The Chicago Syndicate: FBI Has Mole within Chicago Mob

Saturday, November 11, 2006

FBI Has Mole within Chicago Mob

Friends of ours: Michael "Mickey" Marcello, James "Little Jimmy" Marcello

For 20 years, the FBI has had an informant in the Chicago Outfit who apparently is a "made" member and has taken part in major crimes, according to a court filing in a federal prosecution of top mobsters.

The information is in a court motion by lawyers for Michael "Mickey" Marcello, the half-brother of Chicago's reputed mob boss, James "Little Jimmy" Marcello. Attorneys Catharine O'Daniel and Arthur Nasser want the 2005 indictment against Michael Marcello dismissed because of the FBI's continued reliance on the informant.

The major federal prosecution involving 18 mob-related killings allegedly involving top organized crime figures is scheduled for trial in May.

In their motion, the defense attorneys blast the government for allegedly "cavorting with and protecting a 'made mob member' who still must be active in the commission of 'mob' criminal activities."

"No court should sanction the government's use of ... a past and current made member of the 'Chicago Outfit' as a confidential informant in this case," the motion argues.

A spokesman for the U.S. attorney's office in Chicago had no comment on the defense filing.

The defense attorneys do not try to guess the identity of the informant. He's referred to in court papers as CI-1 and is part of a sworn statement by an FBI agent in 2002 that asks for court permission to tape the conversations of James Marcello when he receives guests in the visiting room at the federal prison in Milan, Mich.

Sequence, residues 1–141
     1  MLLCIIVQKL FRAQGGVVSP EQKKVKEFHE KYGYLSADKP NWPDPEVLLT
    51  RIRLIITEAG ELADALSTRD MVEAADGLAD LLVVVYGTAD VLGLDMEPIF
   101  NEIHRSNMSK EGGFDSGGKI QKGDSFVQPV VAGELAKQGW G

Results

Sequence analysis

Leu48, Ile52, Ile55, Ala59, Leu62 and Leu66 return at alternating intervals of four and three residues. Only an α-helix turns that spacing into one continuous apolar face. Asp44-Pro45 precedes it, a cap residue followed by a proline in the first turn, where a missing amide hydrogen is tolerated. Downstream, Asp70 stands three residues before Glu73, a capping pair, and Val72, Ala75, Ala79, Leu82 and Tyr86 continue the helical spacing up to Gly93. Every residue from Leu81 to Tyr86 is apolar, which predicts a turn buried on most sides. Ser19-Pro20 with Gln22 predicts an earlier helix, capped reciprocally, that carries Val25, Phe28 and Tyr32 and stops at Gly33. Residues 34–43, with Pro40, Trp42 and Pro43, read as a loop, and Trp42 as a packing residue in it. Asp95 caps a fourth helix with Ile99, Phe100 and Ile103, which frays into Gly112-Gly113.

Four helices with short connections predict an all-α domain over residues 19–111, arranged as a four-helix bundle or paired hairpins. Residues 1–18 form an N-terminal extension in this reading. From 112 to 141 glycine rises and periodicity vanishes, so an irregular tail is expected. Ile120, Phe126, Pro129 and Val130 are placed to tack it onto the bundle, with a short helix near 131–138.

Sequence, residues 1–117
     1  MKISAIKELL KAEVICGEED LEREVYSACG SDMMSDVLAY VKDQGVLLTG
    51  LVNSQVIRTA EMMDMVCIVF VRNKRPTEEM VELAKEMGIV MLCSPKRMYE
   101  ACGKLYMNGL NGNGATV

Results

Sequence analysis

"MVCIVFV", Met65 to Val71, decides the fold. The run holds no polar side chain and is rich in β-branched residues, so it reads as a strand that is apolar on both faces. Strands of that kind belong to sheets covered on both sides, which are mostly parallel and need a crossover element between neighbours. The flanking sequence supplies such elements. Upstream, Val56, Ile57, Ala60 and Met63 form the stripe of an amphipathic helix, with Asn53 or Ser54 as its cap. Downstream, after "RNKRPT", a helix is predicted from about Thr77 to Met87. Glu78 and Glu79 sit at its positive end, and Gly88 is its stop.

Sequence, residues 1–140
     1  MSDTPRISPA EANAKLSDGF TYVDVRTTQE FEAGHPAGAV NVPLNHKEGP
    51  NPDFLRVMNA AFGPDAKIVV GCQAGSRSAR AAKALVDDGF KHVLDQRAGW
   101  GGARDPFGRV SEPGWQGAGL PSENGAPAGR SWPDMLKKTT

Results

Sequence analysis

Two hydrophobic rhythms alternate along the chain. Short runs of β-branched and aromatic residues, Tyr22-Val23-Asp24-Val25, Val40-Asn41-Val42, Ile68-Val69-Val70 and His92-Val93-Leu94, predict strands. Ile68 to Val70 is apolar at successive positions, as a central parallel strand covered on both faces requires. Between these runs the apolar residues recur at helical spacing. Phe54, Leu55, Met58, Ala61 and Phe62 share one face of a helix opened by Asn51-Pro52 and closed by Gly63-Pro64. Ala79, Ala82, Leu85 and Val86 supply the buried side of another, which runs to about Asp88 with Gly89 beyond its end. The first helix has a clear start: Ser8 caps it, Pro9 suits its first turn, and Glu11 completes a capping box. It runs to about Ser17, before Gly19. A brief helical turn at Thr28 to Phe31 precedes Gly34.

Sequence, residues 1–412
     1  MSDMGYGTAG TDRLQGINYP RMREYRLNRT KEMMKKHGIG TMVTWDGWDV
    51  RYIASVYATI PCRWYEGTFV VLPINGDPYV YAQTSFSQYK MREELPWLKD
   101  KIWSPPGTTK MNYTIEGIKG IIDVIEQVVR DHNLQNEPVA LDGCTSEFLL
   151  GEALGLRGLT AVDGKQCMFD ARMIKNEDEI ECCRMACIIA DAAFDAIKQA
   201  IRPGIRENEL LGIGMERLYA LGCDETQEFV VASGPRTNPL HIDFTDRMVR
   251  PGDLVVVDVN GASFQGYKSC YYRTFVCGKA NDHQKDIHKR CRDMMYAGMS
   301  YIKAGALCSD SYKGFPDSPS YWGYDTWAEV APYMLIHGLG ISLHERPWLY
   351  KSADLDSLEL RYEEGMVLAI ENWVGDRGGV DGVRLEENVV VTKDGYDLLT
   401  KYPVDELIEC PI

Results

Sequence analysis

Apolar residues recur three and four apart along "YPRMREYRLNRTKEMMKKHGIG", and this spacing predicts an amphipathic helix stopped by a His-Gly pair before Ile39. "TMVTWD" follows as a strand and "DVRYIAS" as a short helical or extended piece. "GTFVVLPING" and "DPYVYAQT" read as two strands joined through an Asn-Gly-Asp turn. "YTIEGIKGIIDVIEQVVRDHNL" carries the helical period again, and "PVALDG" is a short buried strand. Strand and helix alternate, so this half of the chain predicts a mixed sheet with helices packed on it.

The defense motion appears to make some assumptions based on the FBI agent's affidavit. It assumes the informant is a so-called "made" member based on his associations with top mobsters and his criminal activity with them. And it assumes that the FBI is still using the person, even though the affidavit is four years old.

Nasser, Michael Marcello's attorney, declined to comment on the filing.

Michael Marcello also wants barred from use at trial any tape and video recordings made when he was talking to his brother in the prison visiting room.

The Chicago Sun-Times first reported on the contents of some of those conversations in February 2005. The brothers talked about the benefits of a proposal to legalize video gambling in Illinois as well as the progress of the federal case against Michael Marcello, who at the time was out of jail.

James Marcello's questions about the investigation were nothing more than "brotherly concern," according to Michael Marcello's motion.

Thanks to Steve Warmbir

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